Pfizer announced today positive top-line results from the Phase 3 JADE TEEN study of abrocitinib, an investigational oral once-daily Janus kinase 1 inhibitor.
-Observed improvements in skin clearance, disease extent, and severity among patients 12 to <18-
-Safety profile consistent with other pivotal studies of abrocitinib reported to date-
Pfizer Inc. (NYSE: PFE) announced today positive top-line results from the Phase 3 JADE TEEN study of abrocitinib, an investigational oral once-daily Janus kinase 1 (JAK1) inhibitor, in patients 12 to <18 years of age with moderate to severe atopic dermatitis (AD) who were also on background topical therapy. Both doses of abrocitinib met the co-primary endpoints and were generally well tolerated.
“Up to twenty percent of children are affected by atopic dermatitis and there remains a significant unmet need for new treatment options that may improve their care,” said Michael Corbo, PhD, Chief Development Officer, Inflammation & Immunology, Pfizer Global Product Development. “For children and adolescents, these findings build on the positive results of our companion Phase 3 monotherapy trials that included patients twelve years and older.”
JADE TEEN Top-Line Results
Results showed that the percentage of patients achieving each co-primary efficacy endpoint at Week 12 was statistically significantly higher with both doses of abrocitinib than with placebo.
As a key secondary endpoint, the percentage of patients who had a clinically significant reduction in itch by Weeks 2, 4, and 12 of treatment was statistically significantly higher at each time point for the 200mg abrocitinib dose, and at Week 2 for the 100mg abrocitinib dose, compared to placebo. As the 100mg dose did not achieve a significant difference at Week 4, despite having achieved it at Week 2, no further testing for key secondary endpoints were performed. As such, improvement in the other key secondary endpoint, Pruritus and Symptoms Assessment for Atopic Dermatitis (PSAAD), cannot be inferred. The PSAAD is a patient-reported measurement scale developed by Pfizer.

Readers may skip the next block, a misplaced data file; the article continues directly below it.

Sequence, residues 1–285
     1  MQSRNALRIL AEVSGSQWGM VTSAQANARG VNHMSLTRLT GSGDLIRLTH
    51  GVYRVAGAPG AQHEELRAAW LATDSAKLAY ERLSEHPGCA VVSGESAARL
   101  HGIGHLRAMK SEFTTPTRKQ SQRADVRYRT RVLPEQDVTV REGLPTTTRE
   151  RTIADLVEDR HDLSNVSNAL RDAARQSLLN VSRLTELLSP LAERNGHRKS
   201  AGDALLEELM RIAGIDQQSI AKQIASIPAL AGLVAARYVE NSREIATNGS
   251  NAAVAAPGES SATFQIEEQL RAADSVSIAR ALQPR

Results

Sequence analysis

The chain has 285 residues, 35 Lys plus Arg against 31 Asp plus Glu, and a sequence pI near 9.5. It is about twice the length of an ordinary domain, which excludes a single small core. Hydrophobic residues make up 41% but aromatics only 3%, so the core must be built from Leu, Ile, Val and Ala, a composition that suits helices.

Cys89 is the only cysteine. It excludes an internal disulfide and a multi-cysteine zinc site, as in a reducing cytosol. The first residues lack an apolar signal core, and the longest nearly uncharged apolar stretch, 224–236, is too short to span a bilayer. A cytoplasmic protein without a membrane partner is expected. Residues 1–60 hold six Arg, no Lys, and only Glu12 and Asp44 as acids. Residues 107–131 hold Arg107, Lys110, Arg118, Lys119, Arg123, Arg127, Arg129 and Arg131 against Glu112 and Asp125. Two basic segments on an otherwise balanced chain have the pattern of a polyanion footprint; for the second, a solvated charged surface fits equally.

The safety profile seen with abrocitinib was consistent with previous studies. Safety results showed that a higher percentage of patients receiving either the 100mg or 200mg dose of abrocitinib experienced adverse events compared to placebo (56.8%, 62.8%, and 52.1%, respectively). The percentage of patients who experienced serious adverse events or adverse events leading to study discontinuation were similar across the placebo (2.1% each), abrocitinib 100mg (0% and 1.1%, respectively), and abrocitinib 200mg (1.1% and 2.1%, respectively) treatment arms.
JADE TEEN Trial Design
The co-primary endpoints in the study were the proportion of patients who achieved an Investigator’s Global Assessment (IGA) of clear (0) or almost clear (1) and a two-point or greater reduction from baseline at Week 12; and the proportion of patients who achieved at least a 75% or greater change from baseline in their Eczema Area and Severity Index (EASI) score at Week 12.
The key secondary endpoints were the proportion of patients achieving a four-point or larger reduction in itch severity from baseline measured with the Peak Pruritus Numerical Rating Scale (PP-NRS) at Weeks 2, 4, and 12; and the magnitude of decrease in the PSAAD score at Week 12.
JADE TEEN is the fourth trial in the JAK1 Atopic Dermatitis Efficacy and Safety (JADE) global development program. Pfizer recently announced complete results from the second trial in the program, JADE MONO-2. Additional data from other studies in the JADE program will be available later this year.
Full results from JADE TEEN will be submitted for presentation at a future scientific meeting and publication in a medical journal.
Additional Details About the JADE TEEN Study
JADE TEEN was a randomized, double-blind, placebo-controlled, parallel group study. A total of 285 subjects 12 to <18 years of age with moderate to severe atopic dermatitis were randomized to receive once-daily abrocitinib 200mg, abrocitinib 100mg, or placebo for 12 weeks while also on background topical therapy.
Eligible subjects completing the 12-week treatment period of the study had the option to enter a long-term extension (LTE) study, B7451015. Subjects discontinuing early from treatment, or who were otherwise ineligible for the LTE study, entered a 4-week follow up period in this study.